BAGHDAD — The Defense Department said Sunday it has identified the remains of Capt. Michael Scott Speicher, a Navy pilot who has been missing since he was shot down on the first night of the Gulf War in 1991.
Speicher, who lived in Jacksonville, was the only American missing in action from that war, and the development ends 18 years of uncertainty for his family and for the military. A large base in Tikrit, Iraq, is named after him.
Officials said Sunday that they got new information last month from an Iraqi citizen, prompting Marines stationed in the western Iraqi province of Anbar to visit a location in the desert that was believed to be the crash site.
The Iraqi said he knew of two Bedouin Iraqis, who recalled an American jet crashing and the remains of the pilot being buried at an obscure place called Wadi Thumayal.
"One of these Iraqi citizens stated that they were present when Capt. Speicher was found dead at the crash site by Bedouins and his remains buried," the Defense Department said in a statement.
The Bedouin's comments appeared to indicate that Speicher died in the crash and was not held as a prisoner.
The military recovered bones and multiple skeletal fragments and Speicher was positively identified by matching a jawbone and dental records, said Rear Adm. Frank Thorp.
The Armed Forces Institute of Pathology in Rockville, Md., is also comparing DNA from the remains with reference samples previously provided by family members.
The Pentagon did not explain why the Bedouins chose to bury Speicher. Muslim law requires that a burial is conducted soon after death, and it is possible that the Bedouins buried him out of respect for the body.
Speicher's family issued a statement Sunday saying, "The news that Capt. Speicher has died on Iraqi soil after ejecting from his aircraft has been difficult for the family, but his actions in combat, and the search for him, will forever remain in their hearts and minds."
Speicher was stationed on the USS Saratoga when he served in the Gulf War. At the time of his disappearance, he was 33. He left behind his wife, Joanne; daughter, Megan, 3; and son, Michael, 1.
Speicher's story never waned in Jacksonville. A large banner flying outside a firefighters' credit union has a photo of him with the words: "Free Scott Speicher." At his church, a memorial was put up in his honor. The tennis complex at his alma mater, Florida State University, was named for him.
Family spokeswoman Cindy Laquidara said relatives learned Saturday that Speicher's remains had been found. "The family's proud of the way the Defense Department continued on with our request" to not abandon the search, she said. "We will be bringing him home."
President Barack Obama called the news "a reminder of the selfless service that led him to make the ultimate sacrifice for our freedom."
"My thoughts and prayers are with his family, and I hope that the recovery of his remains will bring them a needed sense of closure," Obama said in a statement issued Sunday.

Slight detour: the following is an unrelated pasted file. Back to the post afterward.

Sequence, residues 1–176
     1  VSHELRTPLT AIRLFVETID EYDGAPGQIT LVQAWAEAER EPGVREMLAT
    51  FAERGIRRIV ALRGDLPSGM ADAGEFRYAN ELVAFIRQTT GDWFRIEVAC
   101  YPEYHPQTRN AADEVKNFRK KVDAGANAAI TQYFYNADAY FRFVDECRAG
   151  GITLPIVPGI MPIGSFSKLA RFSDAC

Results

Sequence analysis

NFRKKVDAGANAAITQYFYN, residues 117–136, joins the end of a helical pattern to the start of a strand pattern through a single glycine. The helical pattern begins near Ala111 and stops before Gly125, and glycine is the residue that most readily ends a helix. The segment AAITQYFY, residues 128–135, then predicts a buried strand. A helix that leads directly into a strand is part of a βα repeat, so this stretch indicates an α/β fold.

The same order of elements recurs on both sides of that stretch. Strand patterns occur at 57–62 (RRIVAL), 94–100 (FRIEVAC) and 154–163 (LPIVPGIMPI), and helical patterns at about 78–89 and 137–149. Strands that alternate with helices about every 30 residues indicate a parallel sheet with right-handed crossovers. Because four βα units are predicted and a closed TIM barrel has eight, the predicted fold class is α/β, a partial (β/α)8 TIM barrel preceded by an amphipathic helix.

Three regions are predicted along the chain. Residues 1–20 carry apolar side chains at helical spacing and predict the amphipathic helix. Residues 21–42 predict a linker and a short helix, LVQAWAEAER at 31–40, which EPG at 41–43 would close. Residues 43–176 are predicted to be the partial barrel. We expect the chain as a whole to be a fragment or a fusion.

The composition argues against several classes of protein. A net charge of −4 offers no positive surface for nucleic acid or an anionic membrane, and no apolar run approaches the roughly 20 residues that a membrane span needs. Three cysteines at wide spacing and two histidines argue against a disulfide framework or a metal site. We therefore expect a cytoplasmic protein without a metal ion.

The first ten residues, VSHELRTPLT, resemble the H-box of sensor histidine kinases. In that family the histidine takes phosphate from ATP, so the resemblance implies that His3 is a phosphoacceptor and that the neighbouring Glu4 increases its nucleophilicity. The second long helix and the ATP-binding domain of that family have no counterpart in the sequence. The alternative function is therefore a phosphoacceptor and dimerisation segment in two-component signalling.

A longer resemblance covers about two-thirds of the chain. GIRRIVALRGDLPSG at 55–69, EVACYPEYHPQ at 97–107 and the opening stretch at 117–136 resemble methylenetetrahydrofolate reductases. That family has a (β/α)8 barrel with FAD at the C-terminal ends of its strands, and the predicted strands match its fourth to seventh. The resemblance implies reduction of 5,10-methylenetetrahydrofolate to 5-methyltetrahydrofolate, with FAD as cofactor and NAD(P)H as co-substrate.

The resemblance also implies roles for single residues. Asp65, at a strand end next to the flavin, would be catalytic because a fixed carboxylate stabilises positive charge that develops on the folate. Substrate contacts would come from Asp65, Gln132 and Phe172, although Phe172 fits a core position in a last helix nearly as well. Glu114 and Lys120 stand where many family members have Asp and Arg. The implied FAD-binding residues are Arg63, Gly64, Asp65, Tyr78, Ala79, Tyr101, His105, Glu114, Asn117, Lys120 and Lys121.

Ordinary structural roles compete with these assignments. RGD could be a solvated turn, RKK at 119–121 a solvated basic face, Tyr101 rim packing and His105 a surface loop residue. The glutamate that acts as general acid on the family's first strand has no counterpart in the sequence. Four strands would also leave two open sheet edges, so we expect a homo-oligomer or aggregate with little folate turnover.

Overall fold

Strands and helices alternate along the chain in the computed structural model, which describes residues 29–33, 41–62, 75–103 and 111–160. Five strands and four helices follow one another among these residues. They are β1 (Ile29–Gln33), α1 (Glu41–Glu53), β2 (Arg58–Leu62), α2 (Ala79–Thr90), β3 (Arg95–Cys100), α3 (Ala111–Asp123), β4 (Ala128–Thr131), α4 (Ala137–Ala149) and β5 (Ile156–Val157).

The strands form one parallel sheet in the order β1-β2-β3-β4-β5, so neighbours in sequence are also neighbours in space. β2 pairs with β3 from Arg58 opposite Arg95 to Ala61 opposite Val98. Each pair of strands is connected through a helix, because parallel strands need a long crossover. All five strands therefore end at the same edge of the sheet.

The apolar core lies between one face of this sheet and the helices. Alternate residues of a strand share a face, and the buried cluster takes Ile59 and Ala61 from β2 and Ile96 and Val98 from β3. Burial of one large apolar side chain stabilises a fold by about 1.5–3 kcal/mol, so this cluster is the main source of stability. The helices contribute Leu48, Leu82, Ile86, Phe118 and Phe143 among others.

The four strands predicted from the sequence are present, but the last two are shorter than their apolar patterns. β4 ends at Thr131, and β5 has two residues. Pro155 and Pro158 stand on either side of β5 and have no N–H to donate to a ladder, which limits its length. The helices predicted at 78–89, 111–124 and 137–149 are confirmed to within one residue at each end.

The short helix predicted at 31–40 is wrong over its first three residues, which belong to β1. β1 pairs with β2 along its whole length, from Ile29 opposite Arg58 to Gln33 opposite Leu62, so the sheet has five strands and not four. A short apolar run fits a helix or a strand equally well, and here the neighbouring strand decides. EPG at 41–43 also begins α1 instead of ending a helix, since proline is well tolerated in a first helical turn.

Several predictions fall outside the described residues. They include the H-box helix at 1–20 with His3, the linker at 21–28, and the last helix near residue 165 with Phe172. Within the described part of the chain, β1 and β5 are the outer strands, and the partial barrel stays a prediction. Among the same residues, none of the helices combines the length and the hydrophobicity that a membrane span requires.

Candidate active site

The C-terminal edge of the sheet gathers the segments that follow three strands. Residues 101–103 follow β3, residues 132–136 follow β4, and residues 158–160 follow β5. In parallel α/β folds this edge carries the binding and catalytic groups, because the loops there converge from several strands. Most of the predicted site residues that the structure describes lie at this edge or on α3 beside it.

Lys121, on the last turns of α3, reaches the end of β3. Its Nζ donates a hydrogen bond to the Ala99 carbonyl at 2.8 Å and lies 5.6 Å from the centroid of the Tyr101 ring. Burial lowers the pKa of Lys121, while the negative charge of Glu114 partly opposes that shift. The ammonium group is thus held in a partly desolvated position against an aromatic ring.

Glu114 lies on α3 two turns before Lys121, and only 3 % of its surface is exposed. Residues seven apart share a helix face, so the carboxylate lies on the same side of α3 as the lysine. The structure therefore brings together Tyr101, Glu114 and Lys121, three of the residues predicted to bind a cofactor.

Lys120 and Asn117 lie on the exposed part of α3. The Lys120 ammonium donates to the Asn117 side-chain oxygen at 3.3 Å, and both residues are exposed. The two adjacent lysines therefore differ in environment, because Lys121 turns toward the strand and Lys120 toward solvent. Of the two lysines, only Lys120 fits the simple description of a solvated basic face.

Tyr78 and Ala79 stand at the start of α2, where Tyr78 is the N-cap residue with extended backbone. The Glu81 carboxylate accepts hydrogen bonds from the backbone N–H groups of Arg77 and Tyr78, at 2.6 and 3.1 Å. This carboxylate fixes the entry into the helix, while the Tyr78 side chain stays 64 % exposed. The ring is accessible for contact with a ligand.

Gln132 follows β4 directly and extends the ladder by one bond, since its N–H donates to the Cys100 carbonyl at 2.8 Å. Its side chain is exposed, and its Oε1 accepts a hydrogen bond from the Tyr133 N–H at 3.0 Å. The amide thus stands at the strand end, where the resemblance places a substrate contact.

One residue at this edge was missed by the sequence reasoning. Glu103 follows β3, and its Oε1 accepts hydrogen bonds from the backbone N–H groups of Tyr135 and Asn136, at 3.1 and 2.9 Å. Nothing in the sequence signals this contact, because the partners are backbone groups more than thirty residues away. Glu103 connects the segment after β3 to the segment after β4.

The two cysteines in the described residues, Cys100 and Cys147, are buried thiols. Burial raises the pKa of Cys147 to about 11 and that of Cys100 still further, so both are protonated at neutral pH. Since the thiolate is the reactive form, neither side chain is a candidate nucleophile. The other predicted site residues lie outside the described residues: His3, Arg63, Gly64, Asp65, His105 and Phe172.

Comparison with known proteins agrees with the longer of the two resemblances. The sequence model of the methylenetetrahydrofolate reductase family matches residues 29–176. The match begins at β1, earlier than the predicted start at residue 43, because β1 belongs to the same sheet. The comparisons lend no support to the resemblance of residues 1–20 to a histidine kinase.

Speicher's fate had been the subject of several high-level Pentagon investigations, hundreds of rumors and countless conspiracy theories since his FA-18 Hornet was shot down over western Iraq on Jan. 17, 1991.
Hours later, then-Defense Secretary Dick Cheney went on television and announced that the U.S. had suffered its first casualty of the war.
In 1995, following information supplied by a Qatari military official, investigators from the Pentagon and the International Committee of the Red Cross found the wreckage of Speicher's plane. Iraqis provided a flight suit with the name tag cut out. But no remains were found.
In 1998, President Bill Clinton speculated that Speicher "might be alive."
In 2001, the Navy changed his status to missing in action, citing an absence of evidence that Speicher had died.
As the United States was readying for war with Iraq in fall 2002, the Navy said it was switching his status to "missing/captured." Senior Navy officials never explained why it made the change or what evidence it had to suggest that Iraqi forces were holding Speicher. Some speculated that it was part of a broader campaign inside the Pentagon to drum up support for the war.
In 2004, Sen. Bill Nelson beseeched then-Defense Secretary Donald Rumsfeld to offer a $1 million reward for information leading to Speicher's return.
Nelson said Sunday that he planned to finally take down the POW/MIA flag he had placed outside his office when the pilot went missing. Speicher's children "can move on with their lives and know what a hero their father was and he died in the service of his country," Nelson told reporters at a news conference at his office in Jacksonville.
To the Navy, the discovery is evidence of the military's commitment to bring its troops home. "Our Navy will never give up looking for a shipmate, regardless of how long or how difficult that search may be," Adm. Gary Roughead, chief of Naval Operations, said Sunday.
Over the years, critics contended the Navy had not done enough, particularly right after the crash, to search for Speicher. A lieutenant commander when he went missing, Speicher later reached the rank of captain because he kept receiving promotions while his status was unknown.
After the U.S. toppled Saddam Hussein's regime in 2003, investigators fanned out across Anbar province. More than 50 sites were checked by military search crews in the months after the invasion — hospitals, prisons, security archives, homes, a massive grave outside Baghdad and the original site where Speicher's plane crashed, about 100 miles north of the Saudi Arabian border.
An Iraqi document was found that seemed to list Speicher as among U.S. prisoners of war, but analysts found the document inconclusive and possibly fraudulent.
Investigators excavated a potential grave site in Baghdad in 2005 and tracked down Iraqis said to have information about Speicher and made numerous other inquiries.